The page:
Genomic DNA was extracted from whole blood by using the TIANamp genomic DNA Kit (TIANGEN, China). Three SNPs (i.e.,  rs12979860, rs8099917, and rs12980275) in the IL28B gene were selected and analyzed as reference-described (Chen et al., 2015). Genotypes of each SNP were screened by using the SnapShot assay (Table S1). SnapShot is based on single-base extension. In brief, amplifying and extending primers for each SNP are firstly designed. Then PCR reaction is performed with two kinds of primers and will be terminated behind one base of 3′  end of extending primers. Finally, genotypes of each SNP are determined according to fluorescence color. Genotyping results of 10% total samples were verified by sequencing. Haplotypes were constructed using Phase software for further analysis (Stephens & Donnelly, 2003).

Subgrouping of HBV-infected individuals

According to the subgrouping principle in our previous study (Song et al., 2016), HBV-infected individuals were divided into three groups. Group #1 included patients who with HbsAg and HBeAg positive were at acute infected phase (N = 29). Group #2 included patients with HBsAg and anti-HBc positive, who were at chronic infected phase (N = 202). Patients in group #3 were comprised of HBV-infected individuals undergoing convalescence (N = 262), who were anti-HBc positive but HBV DNA negative.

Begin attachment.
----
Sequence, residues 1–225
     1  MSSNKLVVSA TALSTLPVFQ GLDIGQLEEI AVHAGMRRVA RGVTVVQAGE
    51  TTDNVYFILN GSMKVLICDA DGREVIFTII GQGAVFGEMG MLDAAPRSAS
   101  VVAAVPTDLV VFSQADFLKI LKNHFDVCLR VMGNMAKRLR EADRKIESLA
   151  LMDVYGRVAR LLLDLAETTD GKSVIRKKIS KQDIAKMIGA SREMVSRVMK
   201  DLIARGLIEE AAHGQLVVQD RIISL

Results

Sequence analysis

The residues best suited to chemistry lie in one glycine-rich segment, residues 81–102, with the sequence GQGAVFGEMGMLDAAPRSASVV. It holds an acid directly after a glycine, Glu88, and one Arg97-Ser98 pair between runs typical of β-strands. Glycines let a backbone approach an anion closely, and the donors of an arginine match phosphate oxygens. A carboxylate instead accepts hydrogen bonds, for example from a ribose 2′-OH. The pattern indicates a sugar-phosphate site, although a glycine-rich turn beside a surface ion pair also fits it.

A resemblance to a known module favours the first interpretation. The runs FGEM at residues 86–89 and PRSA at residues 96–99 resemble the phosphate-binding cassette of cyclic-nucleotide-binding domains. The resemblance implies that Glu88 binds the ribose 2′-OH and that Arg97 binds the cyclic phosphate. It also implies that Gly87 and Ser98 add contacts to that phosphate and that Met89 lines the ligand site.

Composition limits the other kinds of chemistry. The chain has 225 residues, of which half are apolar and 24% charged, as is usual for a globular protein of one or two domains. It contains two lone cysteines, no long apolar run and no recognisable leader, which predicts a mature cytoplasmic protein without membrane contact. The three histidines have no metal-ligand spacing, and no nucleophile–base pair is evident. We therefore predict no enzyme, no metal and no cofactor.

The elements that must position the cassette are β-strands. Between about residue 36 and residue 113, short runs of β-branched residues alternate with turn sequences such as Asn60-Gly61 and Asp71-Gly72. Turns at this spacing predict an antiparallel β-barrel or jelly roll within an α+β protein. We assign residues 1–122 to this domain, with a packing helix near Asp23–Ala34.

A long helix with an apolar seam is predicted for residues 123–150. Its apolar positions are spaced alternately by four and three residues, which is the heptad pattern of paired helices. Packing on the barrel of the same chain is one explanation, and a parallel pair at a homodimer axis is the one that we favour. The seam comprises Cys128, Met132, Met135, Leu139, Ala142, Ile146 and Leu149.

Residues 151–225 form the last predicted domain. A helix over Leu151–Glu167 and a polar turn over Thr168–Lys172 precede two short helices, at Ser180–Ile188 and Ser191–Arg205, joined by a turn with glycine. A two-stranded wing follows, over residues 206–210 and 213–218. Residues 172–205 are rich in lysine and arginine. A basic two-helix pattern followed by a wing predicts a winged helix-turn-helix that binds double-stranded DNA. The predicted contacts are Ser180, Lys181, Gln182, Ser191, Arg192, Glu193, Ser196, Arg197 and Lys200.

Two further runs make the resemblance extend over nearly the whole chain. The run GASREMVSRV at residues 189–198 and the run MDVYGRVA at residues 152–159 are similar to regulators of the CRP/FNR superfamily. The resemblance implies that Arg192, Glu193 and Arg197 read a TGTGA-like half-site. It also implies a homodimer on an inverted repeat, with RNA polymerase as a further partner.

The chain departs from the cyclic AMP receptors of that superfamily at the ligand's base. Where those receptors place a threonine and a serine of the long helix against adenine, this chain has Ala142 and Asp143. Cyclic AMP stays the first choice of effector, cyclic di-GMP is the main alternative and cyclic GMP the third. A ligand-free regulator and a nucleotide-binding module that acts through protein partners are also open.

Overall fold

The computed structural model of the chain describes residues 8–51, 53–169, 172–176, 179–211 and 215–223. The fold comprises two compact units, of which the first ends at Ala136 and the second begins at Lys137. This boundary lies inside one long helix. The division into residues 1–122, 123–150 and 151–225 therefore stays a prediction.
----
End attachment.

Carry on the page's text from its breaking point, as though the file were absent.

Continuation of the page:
Quantification of the HBV viral load

HBV DNA was extracted from the serum of each sample by using the TIANamp Virus DNA/RNA Kit (TIANGEN, China). The HBV viral load in the serum of 58 HBV-infected individuals was detected by using the Hepatitis B Viral DNA Quantitative Fluorescence Diagnostic Kit (realtime-PCR-Fluorescence Probing) (Sansure, Hunan, China) in accordance with the manufacturer’s instructions and ABI 7500 Fast Real-Time PCR system (Applied Biosystems, USA). Results were recorded in International Unit (IU)/mL; one IU/mL was equivalent to 5.6 copies/mL. The lowest detection limitation of this quantitative method was 2,800 copies/mL (500 IU/mL). In further analysis, HBV DNA was log10-transformed, i.e., the lowest detection limitation was 3.45 log10 copies/mL.